Posts Tagged ‘atheism’

“Random” is indistinguishable from Divine

November 2, 2020

“Why is there something rather than nothing?” is considered by some to be the most fundamental question in metaphysics, and by others to be an invalid question. The Big Bang, quantum mechanics, time, consciousness, and God are all attempts to answer this question. They all invoke randomness or chance or probabilistic universes to escape the First Cause Problem. Physics and mathematics cannot address the question. An implied God of Randomness is the cop-out for all atheists.

Stanford Encyclopedia of Philosophy

The Commonplace Thesis, and the close connection between randomness and chance it proposes, appears also to be endorsed in the scientific literature, as in this example from a popular textbook on evolution (which also throws in the notion of unpredictability for good measure):

scientists use chance, or randomness, to mean that when physical causes can result in any of several outcomes, we cannot predict what the outcome will be in any particular case. (Futuyma 2005: 225)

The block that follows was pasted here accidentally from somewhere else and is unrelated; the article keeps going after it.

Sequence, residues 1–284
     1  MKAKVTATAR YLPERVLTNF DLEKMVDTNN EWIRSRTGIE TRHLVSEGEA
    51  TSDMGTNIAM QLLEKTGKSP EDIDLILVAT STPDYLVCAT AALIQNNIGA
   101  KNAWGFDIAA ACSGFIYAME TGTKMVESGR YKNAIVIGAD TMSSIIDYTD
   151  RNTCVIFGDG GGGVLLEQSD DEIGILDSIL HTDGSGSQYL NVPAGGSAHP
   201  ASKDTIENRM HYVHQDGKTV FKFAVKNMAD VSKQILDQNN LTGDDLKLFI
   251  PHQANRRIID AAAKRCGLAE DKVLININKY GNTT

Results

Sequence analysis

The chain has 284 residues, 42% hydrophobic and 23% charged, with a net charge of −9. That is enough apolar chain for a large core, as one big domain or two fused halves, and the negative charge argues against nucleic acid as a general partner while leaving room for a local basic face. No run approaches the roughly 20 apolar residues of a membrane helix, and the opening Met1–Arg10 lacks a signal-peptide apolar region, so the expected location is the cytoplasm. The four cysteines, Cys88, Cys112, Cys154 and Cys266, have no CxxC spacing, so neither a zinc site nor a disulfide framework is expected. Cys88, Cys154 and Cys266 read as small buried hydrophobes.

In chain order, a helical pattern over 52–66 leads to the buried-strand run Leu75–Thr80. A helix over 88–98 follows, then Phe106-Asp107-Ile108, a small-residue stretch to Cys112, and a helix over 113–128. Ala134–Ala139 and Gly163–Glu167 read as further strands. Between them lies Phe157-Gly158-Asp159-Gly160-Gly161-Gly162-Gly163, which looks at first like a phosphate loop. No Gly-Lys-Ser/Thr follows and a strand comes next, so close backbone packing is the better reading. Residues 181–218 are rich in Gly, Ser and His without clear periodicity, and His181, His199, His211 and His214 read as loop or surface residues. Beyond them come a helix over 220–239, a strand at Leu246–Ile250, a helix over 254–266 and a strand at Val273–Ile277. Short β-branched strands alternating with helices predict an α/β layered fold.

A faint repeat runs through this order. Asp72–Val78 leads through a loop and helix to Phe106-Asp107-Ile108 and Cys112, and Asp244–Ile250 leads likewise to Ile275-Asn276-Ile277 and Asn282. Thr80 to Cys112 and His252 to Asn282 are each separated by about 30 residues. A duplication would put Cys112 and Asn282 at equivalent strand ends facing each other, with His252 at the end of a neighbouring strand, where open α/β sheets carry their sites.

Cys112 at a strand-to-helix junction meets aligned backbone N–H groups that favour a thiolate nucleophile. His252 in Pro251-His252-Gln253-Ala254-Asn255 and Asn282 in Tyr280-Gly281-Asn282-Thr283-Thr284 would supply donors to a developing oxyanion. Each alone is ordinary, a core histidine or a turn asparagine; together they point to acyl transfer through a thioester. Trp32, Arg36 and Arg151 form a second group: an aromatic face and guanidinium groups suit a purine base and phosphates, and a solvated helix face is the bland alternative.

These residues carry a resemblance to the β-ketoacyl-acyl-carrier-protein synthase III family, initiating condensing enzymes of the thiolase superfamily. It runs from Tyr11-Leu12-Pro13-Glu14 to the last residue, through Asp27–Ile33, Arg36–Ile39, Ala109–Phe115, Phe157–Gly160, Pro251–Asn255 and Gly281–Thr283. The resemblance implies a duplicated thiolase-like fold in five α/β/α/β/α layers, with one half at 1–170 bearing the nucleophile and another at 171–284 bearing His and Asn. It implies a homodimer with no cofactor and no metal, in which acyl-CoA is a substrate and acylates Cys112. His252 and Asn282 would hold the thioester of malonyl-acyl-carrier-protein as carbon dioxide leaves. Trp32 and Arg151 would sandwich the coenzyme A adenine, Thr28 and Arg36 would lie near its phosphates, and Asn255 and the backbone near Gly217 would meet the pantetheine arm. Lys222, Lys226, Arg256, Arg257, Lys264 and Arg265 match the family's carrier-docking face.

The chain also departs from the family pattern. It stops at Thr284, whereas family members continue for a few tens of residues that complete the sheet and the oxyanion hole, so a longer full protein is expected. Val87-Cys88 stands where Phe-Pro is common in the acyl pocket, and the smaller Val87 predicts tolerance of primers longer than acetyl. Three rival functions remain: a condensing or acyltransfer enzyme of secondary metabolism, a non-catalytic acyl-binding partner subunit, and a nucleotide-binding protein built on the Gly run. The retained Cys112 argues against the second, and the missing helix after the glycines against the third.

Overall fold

Some philosophers are, no doubt, equally subject to this unthinking elision, but others connect chance and randomness deliberately. Suppes approvingly introduces

the view that the universe is essentially probabilistic in character, or, to put it in more colloquial language, that the world is full of random happenings. (Suppes 1984: 27)

The scientific method is forced to introduce random into stories about the origin of time and causality and the universe and life and everything. Often the invocation of random is used to avoid any questions of Divine Origins. But random and chance and probability are all just commentaries about a state of knowledge. They are silent about causality or about Divinity. Random ought to be causeless. But that is pretense for such a random is outside our experience. The flip of a coin produces only one outcome. Multiple outcomes are not possible. The probability of one of several possible outcomes is only a measure of lack of knowledge. Particles with a probability of being in one place or another are also an expression of ignorance. However when it is claimed that a particle may be in two places simultaneously we encounter a challenge to our notion of identity for particle and for place. Is that just ignorance about location in time or do we have two particles or two places? Random collisions at the start of time are merely labels for ignorance. Invoking singularities which appear randomly and cause Big Bangs is also just an expression of ignorance.

Whenever science or the scientific method requires, or invokes, randomness or probability, it is about what we do not know. It says nothing about why existence must be. The fundamental question remains unaddressed “Why is there something rather than nothing?”